The DenverInfill blogger spent some time in Portland recently taking photos and observing the city through his urban planning-colored glasses.
In Downtown Portland Perspectives, Part 1 he comments on Portland’s “manageable, intimate pedestrian environment” and credits part of that to our narrow streets, in comparison to other Western U.S. cities. I noticed this on recent trips to Salt Lake City and Denver: mile-wide (I exaggerate a bit) streets running through the downtowns. These may serve automobiles better than our 3-lane wide Broadway, but pedestrians feel insignificant and crossing the street is daunting (in SLC there are, seriously, short red flags for pedestrians to wave as they attempt to cross the street; you pick one up from a basket by the crosswalk on one side and deposit it in the basket on the other . . . if you make it!). Portlanders can thank the original platters of the city for the short blocks and narrow streets.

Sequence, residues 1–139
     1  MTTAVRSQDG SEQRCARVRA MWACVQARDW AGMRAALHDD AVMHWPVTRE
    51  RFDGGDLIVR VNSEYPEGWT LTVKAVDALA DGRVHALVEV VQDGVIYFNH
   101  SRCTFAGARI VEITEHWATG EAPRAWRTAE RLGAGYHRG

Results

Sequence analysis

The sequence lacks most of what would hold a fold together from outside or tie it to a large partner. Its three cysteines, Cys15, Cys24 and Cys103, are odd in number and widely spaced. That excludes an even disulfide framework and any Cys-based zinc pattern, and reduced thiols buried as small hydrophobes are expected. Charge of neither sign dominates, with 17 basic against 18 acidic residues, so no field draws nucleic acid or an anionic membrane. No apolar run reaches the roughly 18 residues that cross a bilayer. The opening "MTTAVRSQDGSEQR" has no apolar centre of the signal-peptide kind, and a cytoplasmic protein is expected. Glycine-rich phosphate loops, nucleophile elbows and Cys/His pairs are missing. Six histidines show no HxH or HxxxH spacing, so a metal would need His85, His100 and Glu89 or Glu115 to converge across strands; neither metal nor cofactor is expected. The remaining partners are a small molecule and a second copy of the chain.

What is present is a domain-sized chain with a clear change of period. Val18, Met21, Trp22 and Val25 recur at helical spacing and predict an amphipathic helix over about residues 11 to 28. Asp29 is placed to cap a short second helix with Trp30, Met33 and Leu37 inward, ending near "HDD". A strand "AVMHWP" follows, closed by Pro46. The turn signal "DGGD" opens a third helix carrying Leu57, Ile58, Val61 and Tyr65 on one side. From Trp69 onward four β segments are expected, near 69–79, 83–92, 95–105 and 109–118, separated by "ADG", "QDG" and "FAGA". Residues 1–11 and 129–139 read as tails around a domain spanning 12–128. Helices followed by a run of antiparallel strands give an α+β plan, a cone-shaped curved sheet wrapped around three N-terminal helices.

Downtown Portland Perspectives, Part 2 brings up something I think most Portlanders take for granted:
Trees. They are such a critical element in a downtown streetscape, given all the concrete, asphalt, brick, and other hard and heat-radiating surfaces found in urban centers. . . .
In Portland, Oregon, most streets in the Downtown area are lined with a generous dose of leafy cover. It made a huge difference in enjoying the two days–hot and sunny days–I recently spent wandering around their Downtown.
Trees are mentioned frequently in the Part 1 comments. Check out the blog posts to see what the commenters notice from the photos.